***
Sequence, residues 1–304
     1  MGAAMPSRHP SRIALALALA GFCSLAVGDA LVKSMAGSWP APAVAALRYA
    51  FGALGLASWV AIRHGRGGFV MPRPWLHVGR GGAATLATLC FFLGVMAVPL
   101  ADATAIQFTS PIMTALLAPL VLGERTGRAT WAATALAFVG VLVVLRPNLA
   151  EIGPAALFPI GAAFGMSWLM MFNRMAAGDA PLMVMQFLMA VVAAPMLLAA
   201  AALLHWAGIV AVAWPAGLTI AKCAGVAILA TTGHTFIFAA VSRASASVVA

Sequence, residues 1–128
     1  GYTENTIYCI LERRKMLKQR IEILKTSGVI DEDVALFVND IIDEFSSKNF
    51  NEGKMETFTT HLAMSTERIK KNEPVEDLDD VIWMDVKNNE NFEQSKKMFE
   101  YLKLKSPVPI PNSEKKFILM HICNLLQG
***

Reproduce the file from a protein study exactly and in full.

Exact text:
Sequence, residues 1–304
     1  MGAAMPSRHP SRIALALALA GFCSLAVGDA LVKSMAGSWP APAVAALRYA
    51  FGALGLASWV AIRHGRGGFV MPRPWLHVGR GGAATLATLC FFLGVMAVPL
   101  ADATAIQFTS PIMTALLAPL VLGERTGRAT WAATALAFVG VLVVLRPNLA
   151  EIGPAALFPI GAAFGMSWLM MFNRMAAGDA PLMVMQFLMA VVAAPMLLAA
   201  AALLHWAGIV AVAWPAGLTI AKCAGVAILA TTGHTFIFAA VSRASASVVA

Sequence, residues 1–128
     1  GYTENTIYCI LERRKMLKQR IEILKTSGVI DEDVALFVND IIDEFSSKNF
    51  NEGKMETFTT HLAMSTERIK KNEPVEDLDD VIWMDVKNNE NFEQSKKMFE
   101  YLKLKSPVPI PNSEKKFILM HICNLLQG